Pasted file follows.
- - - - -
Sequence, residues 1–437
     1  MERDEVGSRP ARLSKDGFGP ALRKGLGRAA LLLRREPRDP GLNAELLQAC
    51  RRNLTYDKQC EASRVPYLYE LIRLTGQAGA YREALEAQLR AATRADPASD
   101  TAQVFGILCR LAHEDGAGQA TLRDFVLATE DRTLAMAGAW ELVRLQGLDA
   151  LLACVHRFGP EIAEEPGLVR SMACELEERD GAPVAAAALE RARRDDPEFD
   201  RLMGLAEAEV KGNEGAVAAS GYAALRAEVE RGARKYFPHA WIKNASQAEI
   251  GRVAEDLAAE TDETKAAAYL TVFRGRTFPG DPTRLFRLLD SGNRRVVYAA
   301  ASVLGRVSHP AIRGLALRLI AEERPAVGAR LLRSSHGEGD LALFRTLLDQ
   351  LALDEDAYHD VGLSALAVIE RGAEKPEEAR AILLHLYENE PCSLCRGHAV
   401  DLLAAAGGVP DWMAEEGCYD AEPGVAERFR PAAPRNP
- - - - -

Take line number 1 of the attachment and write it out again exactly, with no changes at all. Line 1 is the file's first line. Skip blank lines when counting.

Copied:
Sequence, residues 1–437